Private Parts: Denton Attorney Pursuing Porn Downloaders Runs Into Judge and the EFF

Private Parts: Denton Attorney Pursuing Porn Downloaders Runs Into Judge and the EFF

Our first mention of Denton lawyer Evan Stone and his court fight against porn pirates (recall: not that Evan Stone, though we heard he was in town this weekend) centered on his case representing Germany's Mick Haig Productions, and their Cassavetes-esque family drama, Der Gute Önkel.

Four months later, that one's become the first of Stone's BitTorrent porn downloading cases to close. Stone dropped the case a few days ago, and a court-appointed lawyer for the 670 John Doe defendants says it could set a precedent used in Stone's other cases too.

Stone tells Unfair Park he dropped his suit because it'd been four months since he filed his motion for discovery -- which he'd need to get names and mailing addresses for the John Does known only by their IP addresses -- and still hadn't heard a thing from U.S. District Judge David Godbey. Stone says at this point, he figured Gobey wasn't going to rule on discovery at all.

But Paul Levy, a lawyer with Public Citizen I've quoted before, says Stone dropped the case because Levy wrote him a letter complaining that he'd sent subpoenas to Internet providers without the judge's go-ahead -- which would apparently be some sort of ethical breach.

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Stone wouldn't comment on whether that was true, in case Levy raises the question in court later. "If he's moving with sanctions against me, he can do whatever he feels like he's big enough to do," Stone says.

Stone points out that of the separate 16 cases he's filed in the Northern District Court of Texas, against 12,812 defendants, this is the only time a judge has gone to what he calls the "unprecedented step" of appointing an attorney for the John Does before he could get to discovery. "It was totally bizarre for the judge to have reached out to the EFF," referring to the Electronic Frontier Foundation, the group appointed along with Public Citizen and referred to in Stone's dismissal notice as "a trio of attorneys renowned for defending internet piracy and renowned for their general disregard for intellectual property law." (The notice is posted below.)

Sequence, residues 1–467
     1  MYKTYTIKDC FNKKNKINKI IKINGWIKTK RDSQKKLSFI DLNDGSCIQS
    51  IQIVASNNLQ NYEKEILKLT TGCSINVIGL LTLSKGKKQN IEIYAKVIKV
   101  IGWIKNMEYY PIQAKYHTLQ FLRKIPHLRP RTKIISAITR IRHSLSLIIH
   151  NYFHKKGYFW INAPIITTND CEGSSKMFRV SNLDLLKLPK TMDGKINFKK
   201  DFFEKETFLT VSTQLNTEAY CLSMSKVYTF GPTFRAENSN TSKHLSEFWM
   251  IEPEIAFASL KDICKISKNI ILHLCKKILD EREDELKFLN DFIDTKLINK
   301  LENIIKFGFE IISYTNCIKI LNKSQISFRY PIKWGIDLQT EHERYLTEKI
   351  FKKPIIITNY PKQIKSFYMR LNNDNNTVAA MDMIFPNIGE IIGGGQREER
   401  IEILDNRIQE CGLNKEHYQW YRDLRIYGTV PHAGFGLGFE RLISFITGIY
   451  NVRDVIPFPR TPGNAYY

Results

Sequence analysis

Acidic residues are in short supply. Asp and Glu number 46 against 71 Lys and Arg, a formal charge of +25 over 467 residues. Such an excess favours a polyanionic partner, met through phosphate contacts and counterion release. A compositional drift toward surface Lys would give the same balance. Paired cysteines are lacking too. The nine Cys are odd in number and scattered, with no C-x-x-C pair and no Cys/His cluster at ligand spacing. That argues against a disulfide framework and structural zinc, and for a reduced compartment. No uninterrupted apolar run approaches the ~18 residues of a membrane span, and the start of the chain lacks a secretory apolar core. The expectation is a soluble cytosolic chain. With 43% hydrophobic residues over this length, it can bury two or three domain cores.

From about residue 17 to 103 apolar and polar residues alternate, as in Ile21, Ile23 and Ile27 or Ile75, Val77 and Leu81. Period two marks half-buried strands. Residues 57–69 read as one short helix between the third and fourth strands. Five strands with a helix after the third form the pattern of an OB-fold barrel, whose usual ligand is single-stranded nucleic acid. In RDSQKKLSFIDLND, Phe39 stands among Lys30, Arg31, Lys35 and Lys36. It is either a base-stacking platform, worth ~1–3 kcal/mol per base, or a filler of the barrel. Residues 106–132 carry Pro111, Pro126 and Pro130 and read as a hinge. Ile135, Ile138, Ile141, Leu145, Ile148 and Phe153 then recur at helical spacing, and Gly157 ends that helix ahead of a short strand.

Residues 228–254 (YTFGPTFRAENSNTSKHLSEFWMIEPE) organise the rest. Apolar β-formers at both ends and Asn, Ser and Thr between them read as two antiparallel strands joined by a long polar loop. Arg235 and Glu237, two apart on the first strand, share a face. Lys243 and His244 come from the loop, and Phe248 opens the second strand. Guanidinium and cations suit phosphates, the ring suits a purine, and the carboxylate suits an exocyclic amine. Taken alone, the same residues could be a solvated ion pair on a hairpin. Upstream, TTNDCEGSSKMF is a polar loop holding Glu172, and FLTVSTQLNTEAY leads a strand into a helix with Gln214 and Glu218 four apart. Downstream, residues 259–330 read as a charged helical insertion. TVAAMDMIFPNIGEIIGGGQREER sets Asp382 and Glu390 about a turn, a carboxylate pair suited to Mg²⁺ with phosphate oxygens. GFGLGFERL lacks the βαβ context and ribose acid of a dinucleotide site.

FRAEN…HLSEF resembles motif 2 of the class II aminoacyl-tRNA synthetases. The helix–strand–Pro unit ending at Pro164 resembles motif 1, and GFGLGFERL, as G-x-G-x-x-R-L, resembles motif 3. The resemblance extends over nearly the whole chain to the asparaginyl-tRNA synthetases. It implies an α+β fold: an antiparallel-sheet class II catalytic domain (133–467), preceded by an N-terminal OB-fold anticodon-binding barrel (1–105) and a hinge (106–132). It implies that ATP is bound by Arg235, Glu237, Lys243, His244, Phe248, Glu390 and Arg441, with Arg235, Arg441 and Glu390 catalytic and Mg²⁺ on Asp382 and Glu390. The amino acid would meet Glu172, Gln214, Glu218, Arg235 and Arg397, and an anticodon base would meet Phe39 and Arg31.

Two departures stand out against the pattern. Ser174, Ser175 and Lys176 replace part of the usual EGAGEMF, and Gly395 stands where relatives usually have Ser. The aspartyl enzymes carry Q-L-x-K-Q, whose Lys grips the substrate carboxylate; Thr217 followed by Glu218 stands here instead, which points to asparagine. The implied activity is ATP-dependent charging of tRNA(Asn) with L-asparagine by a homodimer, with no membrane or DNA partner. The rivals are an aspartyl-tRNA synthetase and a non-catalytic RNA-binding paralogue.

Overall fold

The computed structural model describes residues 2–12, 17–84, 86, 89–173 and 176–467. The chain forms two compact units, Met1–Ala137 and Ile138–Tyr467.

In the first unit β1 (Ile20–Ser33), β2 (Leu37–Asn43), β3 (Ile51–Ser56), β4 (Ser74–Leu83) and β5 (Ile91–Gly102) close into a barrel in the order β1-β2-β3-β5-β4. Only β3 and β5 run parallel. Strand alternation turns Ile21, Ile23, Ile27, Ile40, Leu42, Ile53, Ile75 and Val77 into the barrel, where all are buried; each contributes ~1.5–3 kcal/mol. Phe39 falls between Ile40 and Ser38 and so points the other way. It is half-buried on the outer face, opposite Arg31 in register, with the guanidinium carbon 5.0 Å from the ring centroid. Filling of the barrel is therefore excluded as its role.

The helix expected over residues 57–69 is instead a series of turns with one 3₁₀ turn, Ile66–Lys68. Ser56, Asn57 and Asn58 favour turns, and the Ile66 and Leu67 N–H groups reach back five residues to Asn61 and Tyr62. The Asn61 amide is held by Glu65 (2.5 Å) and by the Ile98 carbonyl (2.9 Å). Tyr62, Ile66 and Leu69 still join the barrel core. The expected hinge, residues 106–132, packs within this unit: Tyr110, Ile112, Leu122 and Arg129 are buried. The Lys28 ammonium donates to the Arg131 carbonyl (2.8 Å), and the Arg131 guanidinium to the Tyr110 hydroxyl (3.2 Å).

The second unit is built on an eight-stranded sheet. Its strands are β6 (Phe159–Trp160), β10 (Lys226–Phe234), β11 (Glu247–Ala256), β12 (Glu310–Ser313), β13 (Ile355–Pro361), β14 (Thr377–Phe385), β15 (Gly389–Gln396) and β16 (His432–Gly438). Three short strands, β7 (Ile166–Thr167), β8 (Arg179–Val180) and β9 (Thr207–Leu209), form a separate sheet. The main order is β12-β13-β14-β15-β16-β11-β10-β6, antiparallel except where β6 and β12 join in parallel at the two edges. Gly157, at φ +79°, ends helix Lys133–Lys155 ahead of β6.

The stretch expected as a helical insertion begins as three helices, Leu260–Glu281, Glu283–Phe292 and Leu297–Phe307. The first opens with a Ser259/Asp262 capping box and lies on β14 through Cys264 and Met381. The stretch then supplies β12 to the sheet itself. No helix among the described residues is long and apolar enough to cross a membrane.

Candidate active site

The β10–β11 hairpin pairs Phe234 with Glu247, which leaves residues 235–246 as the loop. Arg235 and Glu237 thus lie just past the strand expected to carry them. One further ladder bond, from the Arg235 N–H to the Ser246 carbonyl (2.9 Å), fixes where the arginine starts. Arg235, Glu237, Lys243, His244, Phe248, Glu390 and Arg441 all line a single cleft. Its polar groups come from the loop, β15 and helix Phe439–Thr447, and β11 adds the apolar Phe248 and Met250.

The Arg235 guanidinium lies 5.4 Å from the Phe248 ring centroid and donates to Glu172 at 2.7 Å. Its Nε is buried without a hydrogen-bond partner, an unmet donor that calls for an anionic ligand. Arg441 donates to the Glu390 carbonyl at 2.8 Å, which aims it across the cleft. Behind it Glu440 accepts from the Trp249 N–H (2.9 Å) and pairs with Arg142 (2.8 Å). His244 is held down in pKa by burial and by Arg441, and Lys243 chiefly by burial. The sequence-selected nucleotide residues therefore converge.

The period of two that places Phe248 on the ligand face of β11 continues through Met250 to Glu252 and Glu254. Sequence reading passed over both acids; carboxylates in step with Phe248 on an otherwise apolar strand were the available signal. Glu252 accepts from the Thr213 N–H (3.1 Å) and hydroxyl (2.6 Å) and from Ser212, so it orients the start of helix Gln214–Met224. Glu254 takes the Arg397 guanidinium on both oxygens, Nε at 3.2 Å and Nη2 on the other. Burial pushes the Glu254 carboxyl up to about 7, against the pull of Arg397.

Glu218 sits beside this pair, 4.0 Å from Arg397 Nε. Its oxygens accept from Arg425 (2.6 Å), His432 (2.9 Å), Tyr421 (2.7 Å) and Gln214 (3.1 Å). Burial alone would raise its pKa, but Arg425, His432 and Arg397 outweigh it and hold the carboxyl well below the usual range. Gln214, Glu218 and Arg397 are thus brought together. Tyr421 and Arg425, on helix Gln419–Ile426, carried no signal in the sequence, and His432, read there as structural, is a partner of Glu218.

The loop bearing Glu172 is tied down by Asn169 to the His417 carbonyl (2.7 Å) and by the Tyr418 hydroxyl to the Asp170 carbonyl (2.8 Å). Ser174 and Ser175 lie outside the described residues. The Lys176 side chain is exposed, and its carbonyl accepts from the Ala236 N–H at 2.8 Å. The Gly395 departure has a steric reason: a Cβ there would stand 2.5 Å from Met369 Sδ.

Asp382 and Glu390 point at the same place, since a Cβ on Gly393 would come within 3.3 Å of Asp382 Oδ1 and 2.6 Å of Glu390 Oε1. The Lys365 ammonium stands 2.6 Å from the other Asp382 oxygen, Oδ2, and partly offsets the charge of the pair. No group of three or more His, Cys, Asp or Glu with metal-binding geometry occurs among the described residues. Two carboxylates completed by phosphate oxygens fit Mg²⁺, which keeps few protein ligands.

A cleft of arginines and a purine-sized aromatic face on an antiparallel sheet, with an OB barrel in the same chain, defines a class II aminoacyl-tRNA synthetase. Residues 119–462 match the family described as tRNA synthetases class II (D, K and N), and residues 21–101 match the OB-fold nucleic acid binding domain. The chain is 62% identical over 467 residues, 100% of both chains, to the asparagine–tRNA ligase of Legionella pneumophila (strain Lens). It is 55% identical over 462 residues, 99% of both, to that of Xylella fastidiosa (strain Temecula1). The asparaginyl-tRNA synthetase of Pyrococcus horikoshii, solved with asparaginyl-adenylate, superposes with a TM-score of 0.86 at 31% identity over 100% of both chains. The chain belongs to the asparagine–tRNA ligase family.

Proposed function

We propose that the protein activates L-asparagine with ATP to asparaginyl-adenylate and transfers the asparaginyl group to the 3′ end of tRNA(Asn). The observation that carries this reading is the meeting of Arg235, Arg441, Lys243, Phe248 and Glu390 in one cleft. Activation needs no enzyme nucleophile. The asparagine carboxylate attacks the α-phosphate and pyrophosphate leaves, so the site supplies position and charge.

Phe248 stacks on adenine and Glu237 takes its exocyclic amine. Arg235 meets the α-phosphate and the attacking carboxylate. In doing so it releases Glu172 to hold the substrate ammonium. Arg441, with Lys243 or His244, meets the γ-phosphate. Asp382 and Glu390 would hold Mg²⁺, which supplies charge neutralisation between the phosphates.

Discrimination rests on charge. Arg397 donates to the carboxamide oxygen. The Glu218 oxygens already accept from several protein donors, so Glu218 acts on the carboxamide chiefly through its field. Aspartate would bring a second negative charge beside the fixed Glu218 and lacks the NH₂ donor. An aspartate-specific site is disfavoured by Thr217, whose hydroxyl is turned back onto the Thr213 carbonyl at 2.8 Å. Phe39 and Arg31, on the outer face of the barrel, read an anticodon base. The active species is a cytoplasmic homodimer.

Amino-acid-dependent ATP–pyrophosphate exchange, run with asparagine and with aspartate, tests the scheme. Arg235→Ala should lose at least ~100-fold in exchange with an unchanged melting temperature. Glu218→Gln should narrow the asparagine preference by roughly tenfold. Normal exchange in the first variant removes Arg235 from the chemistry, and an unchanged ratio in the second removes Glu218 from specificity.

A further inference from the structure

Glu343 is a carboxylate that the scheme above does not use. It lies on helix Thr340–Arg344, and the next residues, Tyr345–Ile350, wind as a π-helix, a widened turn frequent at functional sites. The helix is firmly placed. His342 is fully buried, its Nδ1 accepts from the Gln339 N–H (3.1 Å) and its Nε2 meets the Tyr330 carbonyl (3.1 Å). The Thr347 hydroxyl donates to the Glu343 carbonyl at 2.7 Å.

"He's angry, and he's misstated the facts because he's angry," Levy tells us. "He's a reliatively junior lawyer, and junior lawyers make mistakes." Levy says he's not out to protect pirates of course, but his main concern is guarding people's anonymity when they deserve it, and "trying to establish a standard for judges to decide whether to order ISPs to identify anonymous Internet users," Levy says.

Even though it never went to trial, Levy says, the Önkel case is an important precedent for cases with anonymous defendants. As Levy writes at Public Citizen:

Judges should demand some evidence of wrongdoing before they allow discovery to identify the alleged wrongdoers, and if they are not sure of their ability to evaluate the papers in their own chambers, they should consider appointing pro bono counsel to respond to the motion.

Stone says he doubts he'll see this issue come up again, calling Godbey "the black sheep" among the federal judges in town. "I've got too many other things going on to worry about that," Stone says.

Stone only had the one case in Godbey's court, but he's been filing a new case each of the last few weeks -- over titles like Sara Jay in Heat, Broke Amateurs: Brianna and The Sexxxtons -- most of which have been reassigned so that 13 of Stone's 15 open cases are in Judge Royal Furgeson's court.

By Stone's count, he's already been granted discovery to get names from ISPs in all but three or four of those cases so far -- including two more in just the last week.
Haig v Does Notice of Dismissal


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